Second Women and Girls’ Week Achieves Engagement and Activity

The second staging of Women and Girls’ Golf Week again proved a social media success across Great Britain and Ireland, as well as raising engagement and participation at club level.

The recent awareness week, timed to coincide with the AIG Women’s British Open at Woburn, generated over 12 million Twitter impressions through its #WhyIGolf hashtag to surpass the 2018 campaign.

Women and Girls’ Golf Week was again delivered by England Golf, Scottish Golf, Wales Golf and The Irish Ladies Golf Union, designed to unite the industry and promote and grow women and girls’ golf. The R&A, the European Tour, the Ladies European Tour, The Professional Golfers’ Association and the Golf Foundation were also among the bodies supporting the activity.

The campaign told stories of women and girls involved in different areas of the sport, celebrating their successes and challenging perceptions. Online content featured a theme for each day, including careers, volunteers, health, participation and performance.

Over 800 people contributed and were involved from across Great Britain and Ireland, as well as further afield, including Australia, Canada, the USA and throughout Europe, most notably Germany and the Netherlands. Campaign video content generated over 274,000 views, while the most popular day for engagement was that dedicated to health and wellbeing.

The campaign was highlighted on Sky Sports during the AIG Women’s British Open, while other notable supporters included broadcasters Sarah Stirk and Naga Munchetty, and leading Tour professionals such as Georgia Hall, Catriona Matthew and Lexi Thompson.

On site at the AIG Women’s British Open, the Ladies European Tour provided behind-the-scenes guided tours to groups of girls from local clubs and counties throughout the week to highlight the wide range of career opportunities that exist in the sport at the professional level. During the tours, they were given special access to the clubhouse, players’ lounge, media centre and practice ground. Many of the girls were linked to the Girls Golf Rocks programme as Club Ambassadors and their visit to Woburn was a way of thanking them for their efforts to encourage younger girls into the sport.

In the Golf Zone in the tented village, an all-female team of PGA Pros gave free 15-minute lessons and spectators could also have a go at a range of putting, chipping and hitting activities supervised by a team of volunteers. Down at the practice ground, LET members Katja Pogacar from Slovenia and England’s Felicity Johnson took part in special clinics that were both informative and inspirational and ex-LET player Sam Head added extra value to the guided tours and clinics. The Golf Zone also hosted a group of around 40 delegates from the REACH Women’s Leadership Summit and approximately 20 women who had been introduced to golf through the PGA’s #WeLoveGolf initiative.

Mike Round, the LET’s Development Director who oversaw the Golf Zone during the week commented: “During the week at Woburn, we saw many females of all ages and abilities taking part in the fun. It was a wonderful celebration of women’s and girls’ golf.”

Nick Pink, chief executive at England Golf, said: “From an England perspective, we saw a rise in the number of clubs engaged in the week – both from a supporting standpoint and those who ran specific women and girls’ activity during the week.”

Clubs across the home nations were heavily involved, promoting participation activities they are running for women and girls.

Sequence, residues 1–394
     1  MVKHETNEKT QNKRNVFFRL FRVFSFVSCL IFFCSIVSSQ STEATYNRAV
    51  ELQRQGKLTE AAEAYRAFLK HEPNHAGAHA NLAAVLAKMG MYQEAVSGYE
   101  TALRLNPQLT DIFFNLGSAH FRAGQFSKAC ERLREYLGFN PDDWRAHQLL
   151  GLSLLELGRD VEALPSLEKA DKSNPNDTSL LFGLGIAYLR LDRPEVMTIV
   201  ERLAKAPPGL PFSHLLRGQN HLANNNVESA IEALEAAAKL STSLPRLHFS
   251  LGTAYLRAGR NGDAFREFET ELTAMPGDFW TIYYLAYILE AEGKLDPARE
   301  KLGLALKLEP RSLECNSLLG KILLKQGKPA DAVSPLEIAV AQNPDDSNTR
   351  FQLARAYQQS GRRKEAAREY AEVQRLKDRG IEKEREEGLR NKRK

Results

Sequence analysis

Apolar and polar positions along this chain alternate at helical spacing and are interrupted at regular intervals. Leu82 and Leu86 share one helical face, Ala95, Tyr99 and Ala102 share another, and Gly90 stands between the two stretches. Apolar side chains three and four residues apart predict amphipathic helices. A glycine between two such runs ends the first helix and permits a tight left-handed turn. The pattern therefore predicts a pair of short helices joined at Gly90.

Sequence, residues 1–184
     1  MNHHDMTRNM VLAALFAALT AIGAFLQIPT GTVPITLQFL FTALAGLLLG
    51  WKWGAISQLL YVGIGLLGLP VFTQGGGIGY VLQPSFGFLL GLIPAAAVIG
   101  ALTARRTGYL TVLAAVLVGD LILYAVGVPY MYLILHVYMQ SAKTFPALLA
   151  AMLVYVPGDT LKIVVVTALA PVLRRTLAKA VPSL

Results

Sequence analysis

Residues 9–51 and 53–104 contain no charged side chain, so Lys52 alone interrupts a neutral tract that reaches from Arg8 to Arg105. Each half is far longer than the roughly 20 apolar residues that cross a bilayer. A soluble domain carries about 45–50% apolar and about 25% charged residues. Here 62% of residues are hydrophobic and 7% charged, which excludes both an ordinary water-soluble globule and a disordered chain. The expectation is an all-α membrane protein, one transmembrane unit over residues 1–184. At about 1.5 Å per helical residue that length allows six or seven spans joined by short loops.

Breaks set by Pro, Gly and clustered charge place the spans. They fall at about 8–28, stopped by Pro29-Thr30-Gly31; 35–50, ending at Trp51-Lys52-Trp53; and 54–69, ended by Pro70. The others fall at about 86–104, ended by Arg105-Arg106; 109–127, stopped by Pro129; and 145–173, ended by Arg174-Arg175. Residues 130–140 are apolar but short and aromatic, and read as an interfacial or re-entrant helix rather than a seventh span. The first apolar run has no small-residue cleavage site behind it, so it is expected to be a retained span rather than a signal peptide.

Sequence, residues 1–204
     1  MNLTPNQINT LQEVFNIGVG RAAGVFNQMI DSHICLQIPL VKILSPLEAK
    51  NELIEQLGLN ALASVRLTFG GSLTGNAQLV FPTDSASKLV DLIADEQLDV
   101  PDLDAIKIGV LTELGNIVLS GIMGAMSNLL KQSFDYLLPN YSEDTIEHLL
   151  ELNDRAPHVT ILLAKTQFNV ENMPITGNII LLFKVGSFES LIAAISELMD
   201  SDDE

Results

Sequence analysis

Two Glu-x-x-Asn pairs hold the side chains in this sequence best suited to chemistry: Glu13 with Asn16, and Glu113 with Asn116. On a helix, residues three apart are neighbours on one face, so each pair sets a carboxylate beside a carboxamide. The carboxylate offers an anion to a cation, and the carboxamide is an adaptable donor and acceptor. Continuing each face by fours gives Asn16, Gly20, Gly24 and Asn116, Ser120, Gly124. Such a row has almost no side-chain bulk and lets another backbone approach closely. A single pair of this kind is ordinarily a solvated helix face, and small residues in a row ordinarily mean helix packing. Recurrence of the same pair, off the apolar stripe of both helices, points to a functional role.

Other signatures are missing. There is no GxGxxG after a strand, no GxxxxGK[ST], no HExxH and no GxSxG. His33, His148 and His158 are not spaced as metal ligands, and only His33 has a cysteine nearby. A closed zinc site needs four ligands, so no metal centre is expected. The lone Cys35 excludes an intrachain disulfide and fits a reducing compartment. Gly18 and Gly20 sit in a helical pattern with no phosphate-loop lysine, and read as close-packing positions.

At Exeter Golf and Country Club in the south-west, a series of #WhyIGolf social media video clips raised engagement, while a dedicated #WhyIGolf event was led by the club’s up-and-coming junior girl members. Placing an emphasis on fun in a non-competitive and relaxed format, it saw 26% of participants take out an academy membership.

Darren Everett, director of golf at Exeter who oversees a 160-strong female membership, said: “The young girls were brilliant and act almost like ambassadors for us. We have a slightly ageing membership so for the girls to help encourage more women to enjoy golf here – perhaps to meet new friends or achieve a release from work – is great. We work hard at promoting female and family golf and our #WhyIGolf event was another example.”

Meantime, at Ingestre Park Golf Club in Stafford, 36 girls have been involved in the club’s Girls Golf Rocks programme over the last two years and they recently held a fun-filled girls camp together with Whittington Heath Golf Club. Women and Girls’ Golf Week helped the club to place renewed focus on their activity, achieving strong early interest for their forthcoming We Love Golf taster sessions for women and girls in conjunction with The PGA.

Ben Smith, assistant professional at Ingestre Park, said: “We have been pushing women and girls’ golf strongly and Women and Girls’ Golf Week sat nicely for us to promote what we have coming up.”

Dullatur Golf Club in Scotland celebrated the week with a popular ‘Putting and Prosecco’ night for women, while Borders club Peebles – whose junior membership boasts a third of girls – maintained their ClubGolf coaching activity for girls with a fun session in the dedicated #WhyIGolf week.

The R&A’s Women in Golf Charter was launched last year with the aim of inspiring an industry-wide commitment to a more inclusive culture, enabling women and girls to flourish and reach their potential at all levels of the sport.

This year’s Women and Girls’ Golf Week also built on the first ever Golf and Health Week held in April, which again saw various golfing bodies working collaboratively to highlight the sport’s health benefits and reach an audience of over 20 million on social media.

Women and Girls’ Golf Week also drew attention to the 2019 Solheim Cup, the match between the top women professionals of Europe and the USA, which takes place at Gleneagles next week.